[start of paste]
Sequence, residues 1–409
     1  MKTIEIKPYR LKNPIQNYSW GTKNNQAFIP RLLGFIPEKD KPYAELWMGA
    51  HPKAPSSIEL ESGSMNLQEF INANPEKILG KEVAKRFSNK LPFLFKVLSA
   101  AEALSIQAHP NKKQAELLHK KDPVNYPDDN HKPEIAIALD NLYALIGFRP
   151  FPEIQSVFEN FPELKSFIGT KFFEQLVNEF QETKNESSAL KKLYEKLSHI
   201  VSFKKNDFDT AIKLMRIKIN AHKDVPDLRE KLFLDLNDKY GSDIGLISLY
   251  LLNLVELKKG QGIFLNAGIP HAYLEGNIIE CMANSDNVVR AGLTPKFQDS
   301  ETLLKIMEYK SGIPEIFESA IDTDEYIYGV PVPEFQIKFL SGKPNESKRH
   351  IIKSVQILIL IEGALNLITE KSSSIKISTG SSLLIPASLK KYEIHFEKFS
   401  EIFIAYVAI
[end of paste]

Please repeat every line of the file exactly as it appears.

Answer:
Sequence, residues 1–409
     1  MKTIEIKPYR LKNPIQNYSW GTKNNQAFIP RLLGFIPEKD KPYAELWMGA
    51  HPKAPSSIEL ESGSMNLQEF INANPEKILG KEVAKRFSNK LPFLFKVLSA
   101  AEALSIQAHP NKKQAELLHK KDPVNYPDDN HKPEIAIALD NLYALIGFRP
   151  FPEIQSVFEN FPELKSFIGT KFFEQLVNEF QETKNESSAL KKLYEKLSHI
   201  VSFKKNDFDT AIKLMRIKIN AHKDVPDLRE KLFLDLNDKY GSDIGLISLY
   251  LLNLVELKKG QGIFLNAGIP HAYLEGNIIE CMANSDNVVR AGLTPKFQDS
   301  ETLLKIMEYK SGIPEIFESA IDTDEYIYGV PVPEFQIKFL SGKPNESKRH
   351  IIKSVQILIL IEGALNLITE KSSSIKISTG SSLLIPASLK KYEIHFEKFS
   401  EIFIAYVAI